Ballard’s $773,000 “No-Contract” Work for PA
Gov. Rendell’s Former Firm Went Beyond “No-Bid” Contracts
By: Chris Freind
Pennsylvania Gov. Ed Rendell (D) has recently come under fire as more information emerges regarding the frequency and high-dollar amounts of no-bid state contracts doled out to his political donors and friends. The Bulletin has published an ongoing series on this issue, much of which centers on the Governor’s intimate relationship with his former law firm, Ballard Spahr. (See recap sidebar).
Many eyebrows have been raised on these lucrative no-bid contracts, especially since the records from past Administrations were “lost” under Rendell’s tenure—- ostensibly the only way to compare the frequency, amounts and recipients of these types of contracts.
The state Senate passed a reform bill 50-0 last session amending how contracts are awarded, but it was stifled in the Democratic-controlled House. The legislation, sponsored by Republican Majority Whip Jane Orie, Allegheny, will be re-introduced early this term.
While conflicts of interest abound, the awarding of no-bid contracts to political donors is not illegal, so long as no quid pro quo arrangement exists.
But in 2007, the ethical line was taken to a whole new level when Ballard performed $773,000 of state legal work with NO contract at all, leaving many questions unanswered.
On March 1 of that year, the firm began work on the proposal to privatize the Pennsylvania Turnpike. Over the next 83 days, Ballard utilized 55 attorneys (more than 10% of its legal staff), and billed the state for 2300 hours, which equates to an average of 27.38 hours per 24 hour day. The hourly rates varied based on seniority, with firm Chairman Arthur Makadon billing $637.50/hour, and partners Ken Jarin and Adrian King, Jr. billing $531.25 and $403.75 per hour respectively.
Mr. Makadon, a close friend to the Governor, has contributed $87,500 to his campaigns. Mr. Jarin is listed as the “relationship partner” on the $773,000 project. He is a longtime confidante and fundraiser to Mr. Rendell, contributing $90,000 to the Governor’s coffers. He also serves as Treasurer to the Democratic Governor’s Association, an entity which has contributed nearly $1.5 million to Rendell. Jarin is married to Robin Wiessmann, who until this week was state Treasurer. Her office approved and issued payment for the Ballard invoices. Adrian King, Jr., served as the Governor’s Deputy Chief of Staff and in a Cabinet position prior to rejoining Ballard as a partner. According to the Ballard press release at the time of Mr. King’s return, Mr. Makadon was quoted as saying, “Adrian was a star here at Ballard and has been a star for the governor. Upon his return, we expect him to play a large role in the future of the firm representing important clients and managing key client relationships.”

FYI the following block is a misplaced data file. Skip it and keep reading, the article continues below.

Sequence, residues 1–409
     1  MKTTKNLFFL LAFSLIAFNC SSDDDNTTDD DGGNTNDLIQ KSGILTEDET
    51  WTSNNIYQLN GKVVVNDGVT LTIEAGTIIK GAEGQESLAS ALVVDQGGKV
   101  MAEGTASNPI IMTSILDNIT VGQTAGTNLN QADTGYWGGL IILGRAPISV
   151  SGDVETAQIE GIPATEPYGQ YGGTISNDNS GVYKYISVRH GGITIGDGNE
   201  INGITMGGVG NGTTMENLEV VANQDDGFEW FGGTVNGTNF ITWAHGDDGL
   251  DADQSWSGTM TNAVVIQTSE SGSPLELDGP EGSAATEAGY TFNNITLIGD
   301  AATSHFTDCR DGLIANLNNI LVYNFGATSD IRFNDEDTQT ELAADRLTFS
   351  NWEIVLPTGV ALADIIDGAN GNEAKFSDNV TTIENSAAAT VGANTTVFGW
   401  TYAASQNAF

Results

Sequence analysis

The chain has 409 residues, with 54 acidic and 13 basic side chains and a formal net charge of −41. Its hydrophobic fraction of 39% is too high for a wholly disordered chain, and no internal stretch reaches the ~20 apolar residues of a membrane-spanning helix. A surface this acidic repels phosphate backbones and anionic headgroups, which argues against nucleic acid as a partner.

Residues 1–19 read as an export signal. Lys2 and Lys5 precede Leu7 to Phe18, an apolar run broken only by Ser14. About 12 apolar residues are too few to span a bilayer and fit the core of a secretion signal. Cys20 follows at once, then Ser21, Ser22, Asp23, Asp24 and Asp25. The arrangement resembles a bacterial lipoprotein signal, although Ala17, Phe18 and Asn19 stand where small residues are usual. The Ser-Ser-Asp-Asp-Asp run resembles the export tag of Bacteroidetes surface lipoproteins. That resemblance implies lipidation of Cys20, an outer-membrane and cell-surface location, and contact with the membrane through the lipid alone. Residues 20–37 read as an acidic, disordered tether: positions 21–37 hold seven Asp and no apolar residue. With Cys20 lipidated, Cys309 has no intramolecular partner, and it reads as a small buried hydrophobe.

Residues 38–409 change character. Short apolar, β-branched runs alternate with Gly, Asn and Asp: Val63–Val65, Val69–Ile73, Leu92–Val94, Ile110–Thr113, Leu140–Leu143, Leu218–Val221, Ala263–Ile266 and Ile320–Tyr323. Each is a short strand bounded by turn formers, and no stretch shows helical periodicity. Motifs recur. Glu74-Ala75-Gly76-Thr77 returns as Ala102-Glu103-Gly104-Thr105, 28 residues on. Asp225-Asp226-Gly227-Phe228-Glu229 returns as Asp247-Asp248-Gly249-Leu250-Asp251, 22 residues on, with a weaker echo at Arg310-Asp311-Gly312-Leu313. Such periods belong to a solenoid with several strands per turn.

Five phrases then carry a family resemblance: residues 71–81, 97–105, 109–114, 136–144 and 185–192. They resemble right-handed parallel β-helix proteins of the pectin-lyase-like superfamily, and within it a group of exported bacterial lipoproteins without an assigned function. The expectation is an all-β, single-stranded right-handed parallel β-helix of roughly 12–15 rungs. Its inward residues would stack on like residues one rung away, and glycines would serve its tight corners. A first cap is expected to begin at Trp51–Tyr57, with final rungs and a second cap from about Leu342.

The Ballard firm, a Limited Liability Partnership (LLP), contributed $481,000 to Gov. Rendell’s campaigns. The Philadelphia Future Political Action Committee (PAC), registered at the Ballard offices in Philadelphia and whose Treasurer is David Cohen, former Ballard Chairman and former Chief of Staff to then-Mayor Rendell, contributed $470,000. Cohen donated $80,000, and his wife, Rhonda, has contributed $156,000 to the Rendell campaign efforts. Ballard associates contributed nearly a half million more dollars to Rendell. There is no limit to how much an individual or an LLP can contribute to state candidates. The majority of law firms are LLPs.
Additionally, on Pennsylvania Department of State campaign filings, the address of Gov. Rendell’s campaign treasurer is the 51st Floor of 1735 Market Street in Philadelphia. Ballard Spahr occupies the entire floor.
When performing work for the Commonwealth, the normal procedure is to negotiate and execute a contract before commencing any activity. But since the Ballard firm jumped headlong into the project without a contract, it had no way of receiving compensation for its work. Consequently, it had to sign a “Compromise, Settlement and Release” agreement initiated by the state Department of Transportation to receive payment retroactively.